Sunday, July 29, 2007

The City Where Almost Everything Is Private

To those who say it can't be done

The City Where Almost Everything Is Private

Two years ago we reported that Sandy Springs, a new Georgia city just outside
of Atlanta, was trying a bold new experiment: turning over the provision of
almost every traditional government service to the private sector.

So how's that working? Remarkably well, according to Reason Foundation director
of government reform Geoffrey F. Segal.

Writing in Tampa Tribune, Segal says:

"The experiment in Sandy Springs, has proved that local governments don't need
hundreds of public employees to function. Sandy Springs, a fast-growing town of
more than 80,000 residents, has only four public employees who are not involved
with public safety. Except for police and fire, virtually every government
function has been contracted out."

Segal continues, "In its two years under private management, Sandy Springs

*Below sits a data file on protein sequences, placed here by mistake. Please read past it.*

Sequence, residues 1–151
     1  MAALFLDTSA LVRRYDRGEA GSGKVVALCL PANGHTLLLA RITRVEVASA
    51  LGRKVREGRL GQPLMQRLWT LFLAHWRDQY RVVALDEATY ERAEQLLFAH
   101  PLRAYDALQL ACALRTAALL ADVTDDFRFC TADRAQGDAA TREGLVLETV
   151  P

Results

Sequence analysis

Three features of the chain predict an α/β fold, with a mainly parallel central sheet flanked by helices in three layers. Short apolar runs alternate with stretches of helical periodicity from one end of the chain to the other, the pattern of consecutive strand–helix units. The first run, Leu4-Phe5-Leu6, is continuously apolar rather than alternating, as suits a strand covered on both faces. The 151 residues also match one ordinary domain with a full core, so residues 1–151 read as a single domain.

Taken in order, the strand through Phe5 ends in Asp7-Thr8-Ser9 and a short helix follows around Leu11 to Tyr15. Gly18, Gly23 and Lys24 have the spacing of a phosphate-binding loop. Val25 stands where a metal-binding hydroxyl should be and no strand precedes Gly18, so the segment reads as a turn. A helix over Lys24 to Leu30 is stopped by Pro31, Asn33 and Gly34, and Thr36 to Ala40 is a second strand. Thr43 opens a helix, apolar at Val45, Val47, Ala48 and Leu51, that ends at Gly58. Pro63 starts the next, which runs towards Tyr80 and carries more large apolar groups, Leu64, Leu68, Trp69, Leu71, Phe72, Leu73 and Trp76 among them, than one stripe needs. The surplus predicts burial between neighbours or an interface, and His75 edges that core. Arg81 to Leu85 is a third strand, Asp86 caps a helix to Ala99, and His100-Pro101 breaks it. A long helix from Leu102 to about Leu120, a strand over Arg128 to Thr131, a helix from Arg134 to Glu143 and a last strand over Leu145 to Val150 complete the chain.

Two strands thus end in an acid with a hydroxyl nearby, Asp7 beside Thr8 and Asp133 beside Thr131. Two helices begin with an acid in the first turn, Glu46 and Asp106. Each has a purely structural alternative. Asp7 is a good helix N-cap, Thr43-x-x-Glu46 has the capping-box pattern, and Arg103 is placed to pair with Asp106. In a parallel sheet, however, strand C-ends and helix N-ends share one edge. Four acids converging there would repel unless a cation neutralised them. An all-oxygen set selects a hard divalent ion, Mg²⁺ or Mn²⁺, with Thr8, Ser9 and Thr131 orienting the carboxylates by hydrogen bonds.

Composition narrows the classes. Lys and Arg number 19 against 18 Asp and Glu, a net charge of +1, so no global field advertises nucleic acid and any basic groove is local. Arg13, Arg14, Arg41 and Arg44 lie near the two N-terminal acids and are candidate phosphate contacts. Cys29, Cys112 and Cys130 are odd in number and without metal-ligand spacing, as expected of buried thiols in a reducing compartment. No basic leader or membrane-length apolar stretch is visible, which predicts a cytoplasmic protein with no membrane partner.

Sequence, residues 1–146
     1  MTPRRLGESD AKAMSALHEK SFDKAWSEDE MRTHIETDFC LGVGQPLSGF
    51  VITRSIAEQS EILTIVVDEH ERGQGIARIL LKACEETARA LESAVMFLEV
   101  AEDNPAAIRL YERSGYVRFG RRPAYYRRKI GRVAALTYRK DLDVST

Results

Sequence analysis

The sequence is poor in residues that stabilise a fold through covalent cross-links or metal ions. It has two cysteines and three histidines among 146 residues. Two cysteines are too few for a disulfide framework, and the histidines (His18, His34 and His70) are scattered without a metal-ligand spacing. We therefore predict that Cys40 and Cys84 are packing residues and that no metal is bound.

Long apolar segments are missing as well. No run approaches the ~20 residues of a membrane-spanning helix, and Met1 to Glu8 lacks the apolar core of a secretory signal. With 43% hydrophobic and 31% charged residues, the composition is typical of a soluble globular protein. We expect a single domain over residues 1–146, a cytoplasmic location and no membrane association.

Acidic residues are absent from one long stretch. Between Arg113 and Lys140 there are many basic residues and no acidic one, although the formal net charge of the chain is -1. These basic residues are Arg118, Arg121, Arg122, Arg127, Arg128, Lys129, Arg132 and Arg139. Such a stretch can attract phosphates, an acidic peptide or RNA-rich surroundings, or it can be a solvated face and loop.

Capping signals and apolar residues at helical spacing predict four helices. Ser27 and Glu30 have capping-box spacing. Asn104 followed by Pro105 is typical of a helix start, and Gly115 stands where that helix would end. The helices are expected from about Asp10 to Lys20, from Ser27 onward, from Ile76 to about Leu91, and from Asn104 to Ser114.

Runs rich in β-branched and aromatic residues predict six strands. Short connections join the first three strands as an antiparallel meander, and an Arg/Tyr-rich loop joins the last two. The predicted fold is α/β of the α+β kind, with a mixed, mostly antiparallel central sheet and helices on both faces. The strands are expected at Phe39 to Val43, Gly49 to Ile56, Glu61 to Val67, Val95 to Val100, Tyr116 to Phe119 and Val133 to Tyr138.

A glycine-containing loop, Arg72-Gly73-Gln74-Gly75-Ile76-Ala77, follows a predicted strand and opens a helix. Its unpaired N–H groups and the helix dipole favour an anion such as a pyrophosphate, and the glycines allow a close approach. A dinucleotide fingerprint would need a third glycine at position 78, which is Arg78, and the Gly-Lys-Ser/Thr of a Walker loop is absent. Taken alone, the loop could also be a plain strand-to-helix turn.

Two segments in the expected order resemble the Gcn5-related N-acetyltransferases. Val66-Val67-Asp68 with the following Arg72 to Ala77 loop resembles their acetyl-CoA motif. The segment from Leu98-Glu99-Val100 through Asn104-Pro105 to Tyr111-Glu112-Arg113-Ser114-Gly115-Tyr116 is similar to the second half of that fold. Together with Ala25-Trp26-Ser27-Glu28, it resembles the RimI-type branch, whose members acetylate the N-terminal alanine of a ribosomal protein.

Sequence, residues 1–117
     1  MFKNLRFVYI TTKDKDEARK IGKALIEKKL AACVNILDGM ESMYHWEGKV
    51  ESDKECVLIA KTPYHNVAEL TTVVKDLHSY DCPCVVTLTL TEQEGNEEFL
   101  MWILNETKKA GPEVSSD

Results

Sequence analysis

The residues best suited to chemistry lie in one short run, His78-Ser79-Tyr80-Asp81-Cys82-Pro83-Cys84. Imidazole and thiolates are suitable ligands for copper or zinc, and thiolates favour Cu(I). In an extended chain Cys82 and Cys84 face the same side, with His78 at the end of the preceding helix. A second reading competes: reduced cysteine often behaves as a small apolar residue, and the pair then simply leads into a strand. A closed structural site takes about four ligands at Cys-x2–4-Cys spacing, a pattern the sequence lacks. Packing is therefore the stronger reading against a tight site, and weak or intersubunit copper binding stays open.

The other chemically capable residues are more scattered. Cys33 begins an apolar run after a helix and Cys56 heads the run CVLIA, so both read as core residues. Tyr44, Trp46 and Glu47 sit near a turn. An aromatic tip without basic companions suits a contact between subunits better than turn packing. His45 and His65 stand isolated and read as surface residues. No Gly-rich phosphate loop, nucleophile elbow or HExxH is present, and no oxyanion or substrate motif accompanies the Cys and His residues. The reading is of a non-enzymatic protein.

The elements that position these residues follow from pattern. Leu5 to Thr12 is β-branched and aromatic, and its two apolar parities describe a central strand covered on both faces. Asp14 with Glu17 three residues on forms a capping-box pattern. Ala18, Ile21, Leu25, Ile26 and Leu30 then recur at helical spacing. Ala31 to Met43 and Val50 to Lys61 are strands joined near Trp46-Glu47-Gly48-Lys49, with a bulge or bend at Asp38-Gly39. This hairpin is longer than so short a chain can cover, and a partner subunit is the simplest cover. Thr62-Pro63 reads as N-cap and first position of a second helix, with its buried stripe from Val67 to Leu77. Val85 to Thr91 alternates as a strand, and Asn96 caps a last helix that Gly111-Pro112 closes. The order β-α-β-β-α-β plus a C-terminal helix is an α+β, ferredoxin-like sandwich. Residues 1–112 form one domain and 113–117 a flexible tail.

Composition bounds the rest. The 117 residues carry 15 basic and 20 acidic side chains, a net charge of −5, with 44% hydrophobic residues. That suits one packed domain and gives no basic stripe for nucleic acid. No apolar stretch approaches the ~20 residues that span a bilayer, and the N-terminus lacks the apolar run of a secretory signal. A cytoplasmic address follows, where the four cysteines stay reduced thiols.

hasn't needed a tax hike or a fee increase, the government has become more
responsive, the service quality has improved, and so has customer satisfaction.
The residents love it.

"In fact, this model has worked so well that two other Atlanta-area communities
adopted it last year, and several others are considering a similar approach."

This is a remarkable and revolutionary step. There's nothing special about
Sandy Springs -- except the wisdom to realize that government isn't needed to
provide most, if any, services. (Indeed, we look for the day when governments
abandon outsourcing, too, and just let the private sector provide services
without government involvement at all.)

Let's hope Sandy Springs becomes a model for the rest of the nation.

"Georgia City Shows Florida How To Cut Costs," Geoffrey F. Segal
Tampa Tribune, June 19, 2007

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